“Asking our servants to respond to the survey was the first mistake they made,” Buddy continued, using a claw to dig bits of mouse from between his teeth. “I mean, do you ask Beethoven’s gardener to evaluate the master’s symphonies? Would you ask the overnight office cleaning crew at Apple to gauge the brilliance of Steve Jobs? Would you ask Brian Scalabrine to weigh in on the transcendent talent of Michael Jordan? Of course not. So why would you ask my human to evaluate me? Why would you think such a simple creature could hope to understand the cathedral that is my mind?”

“And furthermore, why should I care? Does the lion concern himself with the opinions of sheep? I’m officially a jaguar, by the way. I don’t know if you knew that. Yeah. They welcomed me into their mystic community and call me Kinich Bajo, which means ‘god of wisdom.'”

Personality traits like delusions of grandeur, charm, lack of empathy and narcissism are typically associated with psychopaths, experts say. A psychopath might, for example, imagine he’s a large, muscular cat when in fact he’s 10 pounds soaking wet.

chairmanmeow3
Buddy imagines himself as a powerful authoritarian leader

The degree of psychopathy varies widely among felines, lead author Rebecca Evans said.

“We believe that like any other personality trait, psychopathy is on a continuum, where some cats will score more highly than others,” Evans said. “It is likely that all cats have an element of psychopathy as it would have once been helpful for their ancestors in terms of acquiring resources, for example food, territory and mating opportunities.”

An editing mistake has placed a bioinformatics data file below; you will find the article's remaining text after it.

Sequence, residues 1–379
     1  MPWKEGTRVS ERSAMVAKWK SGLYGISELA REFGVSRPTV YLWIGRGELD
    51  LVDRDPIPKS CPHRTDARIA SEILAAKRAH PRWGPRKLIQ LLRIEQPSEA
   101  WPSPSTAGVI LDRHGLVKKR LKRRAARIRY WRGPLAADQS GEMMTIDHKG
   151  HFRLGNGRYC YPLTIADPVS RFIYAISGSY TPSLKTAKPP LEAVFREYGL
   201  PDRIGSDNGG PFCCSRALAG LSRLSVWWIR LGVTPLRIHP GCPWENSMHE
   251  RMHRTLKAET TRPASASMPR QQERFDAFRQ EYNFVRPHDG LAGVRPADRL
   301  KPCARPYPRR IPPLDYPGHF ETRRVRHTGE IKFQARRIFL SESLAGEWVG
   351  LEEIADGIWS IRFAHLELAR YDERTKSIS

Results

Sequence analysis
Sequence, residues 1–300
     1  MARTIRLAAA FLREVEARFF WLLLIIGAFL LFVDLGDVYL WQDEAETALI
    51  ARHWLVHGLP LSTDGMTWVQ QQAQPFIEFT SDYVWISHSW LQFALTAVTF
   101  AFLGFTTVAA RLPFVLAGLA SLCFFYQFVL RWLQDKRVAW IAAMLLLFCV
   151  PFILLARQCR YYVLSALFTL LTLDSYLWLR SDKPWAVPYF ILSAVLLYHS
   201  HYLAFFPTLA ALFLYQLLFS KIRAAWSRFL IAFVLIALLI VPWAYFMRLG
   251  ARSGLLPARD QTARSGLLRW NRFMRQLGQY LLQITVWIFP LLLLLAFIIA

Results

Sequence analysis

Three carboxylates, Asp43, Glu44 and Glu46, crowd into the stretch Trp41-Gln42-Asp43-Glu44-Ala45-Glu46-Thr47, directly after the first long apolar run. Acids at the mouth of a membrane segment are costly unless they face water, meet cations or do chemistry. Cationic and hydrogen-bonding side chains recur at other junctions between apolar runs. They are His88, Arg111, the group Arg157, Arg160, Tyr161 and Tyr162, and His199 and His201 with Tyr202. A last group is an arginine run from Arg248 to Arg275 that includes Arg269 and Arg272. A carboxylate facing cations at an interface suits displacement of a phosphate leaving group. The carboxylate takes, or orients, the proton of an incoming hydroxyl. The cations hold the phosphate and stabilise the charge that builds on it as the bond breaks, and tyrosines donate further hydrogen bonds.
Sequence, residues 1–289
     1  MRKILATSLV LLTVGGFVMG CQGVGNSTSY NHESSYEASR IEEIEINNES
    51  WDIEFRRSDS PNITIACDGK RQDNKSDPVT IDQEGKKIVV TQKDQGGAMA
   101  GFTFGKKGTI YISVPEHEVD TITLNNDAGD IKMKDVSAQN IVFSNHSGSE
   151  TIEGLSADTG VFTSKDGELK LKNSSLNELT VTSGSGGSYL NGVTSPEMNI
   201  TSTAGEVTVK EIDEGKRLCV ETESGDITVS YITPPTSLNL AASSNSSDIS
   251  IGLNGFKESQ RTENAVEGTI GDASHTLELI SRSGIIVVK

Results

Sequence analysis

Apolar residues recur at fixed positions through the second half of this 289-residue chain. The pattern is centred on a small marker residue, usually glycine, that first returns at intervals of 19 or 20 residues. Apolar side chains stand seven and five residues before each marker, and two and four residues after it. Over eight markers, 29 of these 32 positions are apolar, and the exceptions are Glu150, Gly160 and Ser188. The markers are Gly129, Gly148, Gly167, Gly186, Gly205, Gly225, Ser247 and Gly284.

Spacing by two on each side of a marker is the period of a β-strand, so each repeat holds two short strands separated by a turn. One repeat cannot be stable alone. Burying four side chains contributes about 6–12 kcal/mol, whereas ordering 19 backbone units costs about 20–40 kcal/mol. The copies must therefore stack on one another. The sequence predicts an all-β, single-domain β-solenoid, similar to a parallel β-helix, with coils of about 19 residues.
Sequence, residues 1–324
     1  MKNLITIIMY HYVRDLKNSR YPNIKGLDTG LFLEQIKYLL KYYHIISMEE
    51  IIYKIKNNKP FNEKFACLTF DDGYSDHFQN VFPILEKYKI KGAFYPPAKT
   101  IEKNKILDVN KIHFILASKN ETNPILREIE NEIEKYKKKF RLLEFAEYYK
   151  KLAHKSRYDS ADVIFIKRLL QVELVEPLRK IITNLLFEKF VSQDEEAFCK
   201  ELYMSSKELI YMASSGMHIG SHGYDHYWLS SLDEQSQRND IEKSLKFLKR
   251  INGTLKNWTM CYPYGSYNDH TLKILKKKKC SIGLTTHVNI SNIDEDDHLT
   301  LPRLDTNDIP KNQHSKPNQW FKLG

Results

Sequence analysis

Buddy, Food Network Reach Deal For New Cooking Show

NEW YORK — Poised to become the next major celebrity chef, Buddy the Cat will welcome audiences into his kitchen next year with a new show on Food Network.

Dubbed “Buddy’s Bistro,” the show will focus on the feline’s favorite fowl recipes and dishes.

“Our turkey casserole is ready to come out of the oven, and boy does it smell delicious!” Buddy says in one clip as he uses oven mitts to lift a tray. “Now we’re going to add a crust of fried turkey, baste with turkey sauce and garnish with turkey. Voila!”

Buddy bows and the audience erupts with applause in the clip, which has been viewed more than 160,000 times since it was posted to YouTube.

a-cooking-cat

Other episodes will see Buddy making frozen turkey pops for the summer months, turkey egg omelettes with sliced turkey as a go-to breakfast dish, and a Thanksgiving meal called tur-tur-turkey that involves cooking a turkey inside a larger turkey, which is itself cooked inside an even larger turkey with fried turkey stuffing and turkey gravy.

The celebricat chef will also demonstrate little known variations on traditional foods like turkey hot wings, a Southern turkey sandwich and turkey loaf.

“Most people don’t realize what a versatile ingredient turkey really is,” Buddy said. “My goal is to replace every single ingredient of every dish with turkey. It’s a most delicious challenge.”